Speaking out on doing dialogue better

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As I organized the library for The Writer’s Workshop, I found resources I’d forgotten I had. I recently signed up to be an exhibitor at this summer’s Agents & Editor’s conference here in Austin, so I gathered my notes from the 2004 conference. Greg Garrett gave a craft session on dialogue. The author of Cycling, the fine-crafted novel about life and love in Waco, Texas, Garrett had lots of good notes on how to write good dialogue.

He believes in its power. “If you write really bad dialogue,” he said, “it doesn’t matter what else you do well.” He made reference immediately to scene and summary (see Tuesday’s entry), saying great dialogue has to be written out — it can’t be summarized. Summary gets you from scene to scene, he said, and it doesn’t have to be written. Dialogue is the essential part of your story.

Great dialogue has subtexts and underlying tensions. There’s more going on than the obvious. It doesn’t put all of its cards on the table, and it saves the best for last.

Great dialogue builds to a point. There’s the exchange, then growing tension.

Great dialogue sounds like real people talking, sure — but it isn’t. It’s more interesting, dramatically, but with the flavor of authenticity.

In tiny bits and pieces, dialogue can do some of the work of exposition. But it does not carry more than its own weight in that regard, if it’s good. Don’t make your characters explain the plot to one another in dialogue.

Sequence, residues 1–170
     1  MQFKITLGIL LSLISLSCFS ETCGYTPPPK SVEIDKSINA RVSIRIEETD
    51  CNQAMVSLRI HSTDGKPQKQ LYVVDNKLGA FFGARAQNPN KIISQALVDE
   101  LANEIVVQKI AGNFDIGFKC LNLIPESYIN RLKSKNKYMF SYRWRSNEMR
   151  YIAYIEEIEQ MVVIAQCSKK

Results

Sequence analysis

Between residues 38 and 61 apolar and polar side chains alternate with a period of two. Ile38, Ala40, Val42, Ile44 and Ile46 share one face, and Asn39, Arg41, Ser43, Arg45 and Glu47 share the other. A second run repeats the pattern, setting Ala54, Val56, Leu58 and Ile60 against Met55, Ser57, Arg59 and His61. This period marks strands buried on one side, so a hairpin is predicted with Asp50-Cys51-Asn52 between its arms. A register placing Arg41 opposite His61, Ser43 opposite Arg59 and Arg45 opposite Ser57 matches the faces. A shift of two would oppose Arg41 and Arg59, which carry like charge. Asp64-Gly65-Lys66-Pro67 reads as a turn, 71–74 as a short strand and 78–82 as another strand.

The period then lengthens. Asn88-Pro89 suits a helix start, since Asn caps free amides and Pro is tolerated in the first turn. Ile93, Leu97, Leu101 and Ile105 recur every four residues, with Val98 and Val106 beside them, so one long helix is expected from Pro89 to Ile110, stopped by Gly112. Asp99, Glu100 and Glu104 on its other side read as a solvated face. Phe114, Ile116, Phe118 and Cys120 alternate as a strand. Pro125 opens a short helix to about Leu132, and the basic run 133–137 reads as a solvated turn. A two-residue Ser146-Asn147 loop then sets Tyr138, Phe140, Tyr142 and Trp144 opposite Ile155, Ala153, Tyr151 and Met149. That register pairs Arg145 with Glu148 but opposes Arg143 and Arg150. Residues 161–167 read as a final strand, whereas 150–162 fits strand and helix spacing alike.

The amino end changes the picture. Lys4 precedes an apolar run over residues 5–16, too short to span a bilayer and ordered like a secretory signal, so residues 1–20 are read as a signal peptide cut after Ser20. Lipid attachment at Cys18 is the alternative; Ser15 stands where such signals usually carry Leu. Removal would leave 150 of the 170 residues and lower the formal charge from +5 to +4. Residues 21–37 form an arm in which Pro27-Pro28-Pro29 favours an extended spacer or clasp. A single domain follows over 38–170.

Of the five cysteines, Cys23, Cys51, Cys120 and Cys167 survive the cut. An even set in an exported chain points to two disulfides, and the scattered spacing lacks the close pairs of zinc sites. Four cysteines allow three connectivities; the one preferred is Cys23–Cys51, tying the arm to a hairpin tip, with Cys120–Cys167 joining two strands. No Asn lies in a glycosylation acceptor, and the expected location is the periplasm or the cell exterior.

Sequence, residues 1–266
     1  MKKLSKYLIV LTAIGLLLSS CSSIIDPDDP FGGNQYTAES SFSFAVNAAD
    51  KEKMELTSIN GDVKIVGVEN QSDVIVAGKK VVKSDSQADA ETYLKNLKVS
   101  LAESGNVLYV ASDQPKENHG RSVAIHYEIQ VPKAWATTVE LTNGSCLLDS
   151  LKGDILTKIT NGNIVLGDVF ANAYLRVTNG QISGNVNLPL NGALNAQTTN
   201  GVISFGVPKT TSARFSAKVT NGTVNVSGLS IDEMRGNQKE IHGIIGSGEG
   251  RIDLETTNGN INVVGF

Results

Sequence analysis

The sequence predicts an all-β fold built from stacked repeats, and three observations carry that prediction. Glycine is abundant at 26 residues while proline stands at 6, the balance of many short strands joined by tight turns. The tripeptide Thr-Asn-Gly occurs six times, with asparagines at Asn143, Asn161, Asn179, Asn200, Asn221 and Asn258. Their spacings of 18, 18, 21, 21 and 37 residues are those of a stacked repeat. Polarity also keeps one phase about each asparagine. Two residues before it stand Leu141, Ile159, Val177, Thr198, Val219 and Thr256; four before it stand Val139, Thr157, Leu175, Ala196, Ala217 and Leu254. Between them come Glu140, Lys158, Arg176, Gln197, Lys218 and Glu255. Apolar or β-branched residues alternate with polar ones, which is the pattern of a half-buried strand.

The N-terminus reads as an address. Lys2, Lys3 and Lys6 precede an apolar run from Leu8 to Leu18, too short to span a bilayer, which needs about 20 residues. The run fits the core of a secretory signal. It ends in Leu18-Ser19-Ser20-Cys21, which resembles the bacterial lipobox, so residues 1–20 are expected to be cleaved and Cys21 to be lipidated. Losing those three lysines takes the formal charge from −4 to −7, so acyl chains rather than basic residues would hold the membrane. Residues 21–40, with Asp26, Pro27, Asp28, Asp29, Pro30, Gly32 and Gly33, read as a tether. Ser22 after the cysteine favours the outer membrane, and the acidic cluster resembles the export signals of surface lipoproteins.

Finally, great dialogue keeps you in the scene, but it does this by illustrating action and reaction. Dialogue is only part of a good scene. Observations and reactions also keep readers in the scene. Dialogue and music have a similarity, Garrett said, and here I can agree from my experience acting — from low melodrama to Shakespeare, you have to find the meter in the spoken words of your characters. Try having someone else read your dialogue out loud. Write down the lines you overhear that stand out, are memorable.

He said that Cormac McCarthy (All the Pretty Horses) and Larry McMurtry (Lonesome Dove) practice the craft with great elegance and economy. Garrett does a good job of it himself.

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